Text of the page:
How do 3D cinemas work?

Since its inception, cinema has evolved a lot, gaining sound, color and special effects. The latest news is 3D movies, which need special glasses like the ones below to watch.

In 3D movies, scenarios, people, and even cartoon characters can be viewed three-dimensionally, as if they were real and closer to us. So the idea of ‚Äč‚Äčtheir producers is to "fool" our brain and our eyes into thinking that they are in front of a three-dimensional space and not in front of a common two-dimensional screen.

To understand the workings of 3D cinemas, it is crucial that we know that humans have binocular vision, so that each eye sees a different image, and the brain is responsible for combining them into a single image.

The (almost imperceptible) angular difference between these two images, called Detour, is used by the brain to aid in depth perception. It is precisely for this reason that, by losing sight of one eye, people also lose the spatial notion.

Old 3D movie productions used images anaglyphs to take advantage of binocular vision and deviation. These images include two layers of color on a single strip of film reproduced by a projector, one of which is red and the other blue (or green).

So when we wanted to watch these movies, it was necessary to use a 3D glasses with one red and one blue (or green) lens, like the ones at the top of this page. These lenses "forced" one eye to see the red section of the image and the other the blue (or green) section.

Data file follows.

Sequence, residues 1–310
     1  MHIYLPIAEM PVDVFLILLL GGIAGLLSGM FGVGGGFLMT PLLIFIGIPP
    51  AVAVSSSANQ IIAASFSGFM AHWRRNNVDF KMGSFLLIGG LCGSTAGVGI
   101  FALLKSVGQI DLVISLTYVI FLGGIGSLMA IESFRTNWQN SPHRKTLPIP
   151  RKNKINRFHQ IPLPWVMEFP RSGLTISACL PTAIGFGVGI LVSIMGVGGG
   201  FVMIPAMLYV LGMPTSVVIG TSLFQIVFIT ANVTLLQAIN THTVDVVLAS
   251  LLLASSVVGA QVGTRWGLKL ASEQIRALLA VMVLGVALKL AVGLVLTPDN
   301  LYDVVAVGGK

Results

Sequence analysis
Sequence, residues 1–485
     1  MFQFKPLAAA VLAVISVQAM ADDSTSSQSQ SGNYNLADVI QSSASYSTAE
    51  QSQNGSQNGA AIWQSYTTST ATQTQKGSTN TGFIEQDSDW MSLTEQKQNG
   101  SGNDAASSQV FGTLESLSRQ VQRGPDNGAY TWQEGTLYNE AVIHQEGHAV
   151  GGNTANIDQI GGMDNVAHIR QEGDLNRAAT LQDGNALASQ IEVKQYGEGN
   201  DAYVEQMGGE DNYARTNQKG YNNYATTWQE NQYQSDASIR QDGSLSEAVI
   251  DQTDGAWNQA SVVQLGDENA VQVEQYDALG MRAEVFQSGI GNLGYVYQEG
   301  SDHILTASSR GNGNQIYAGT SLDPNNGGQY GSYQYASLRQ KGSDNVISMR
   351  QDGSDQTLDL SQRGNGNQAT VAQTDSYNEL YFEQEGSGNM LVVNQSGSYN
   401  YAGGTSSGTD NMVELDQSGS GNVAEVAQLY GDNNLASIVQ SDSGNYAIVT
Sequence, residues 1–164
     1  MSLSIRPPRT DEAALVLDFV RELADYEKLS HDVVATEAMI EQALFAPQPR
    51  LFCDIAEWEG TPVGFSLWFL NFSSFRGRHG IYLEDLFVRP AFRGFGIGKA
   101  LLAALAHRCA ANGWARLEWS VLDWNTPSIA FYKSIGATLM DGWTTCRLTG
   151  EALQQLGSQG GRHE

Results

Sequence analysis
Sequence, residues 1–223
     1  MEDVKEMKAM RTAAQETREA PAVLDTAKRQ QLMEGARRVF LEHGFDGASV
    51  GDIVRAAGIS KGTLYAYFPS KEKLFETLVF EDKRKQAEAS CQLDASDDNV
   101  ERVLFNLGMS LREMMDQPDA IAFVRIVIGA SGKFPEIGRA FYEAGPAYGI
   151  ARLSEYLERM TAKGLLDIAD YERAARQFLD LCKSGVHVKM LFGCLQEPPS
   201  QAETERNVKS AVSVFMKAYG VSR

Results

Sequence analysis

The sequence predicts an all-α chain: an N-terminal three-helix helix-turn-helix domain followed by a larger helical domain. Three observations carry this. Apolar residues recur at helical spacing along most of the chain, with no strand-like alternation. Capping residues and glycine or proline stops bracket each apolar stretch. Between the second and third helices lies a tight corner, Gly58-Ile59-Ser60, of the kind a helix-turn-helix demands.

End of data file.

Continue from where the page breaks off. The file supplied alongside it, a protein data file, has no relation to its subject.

It is because of the differences between the two lenses that the brain interprets them as a three-dimensional image. However, because of the use of color lenses, the "final image" staining is not accurate, so there is data reporting that this technology has brought many problems for people such as headaches, eye injuries and nausea.

For this reason, another technique became more widely used, which is the polarized. Although it is more expensive and complex, it is more faithful and retains the original colors. Each image is projected with a different polarity (sometimes with two simultaneous projectors). In this technique, glasses with special lenses are also required for viewing. Each eyeglass lens has a different polarization filter: one lens filters the polarized waves vertically and the other horizontally. As the polarized lens slightly darkens the images, the projection screen is silvered to increase the brightness of the image.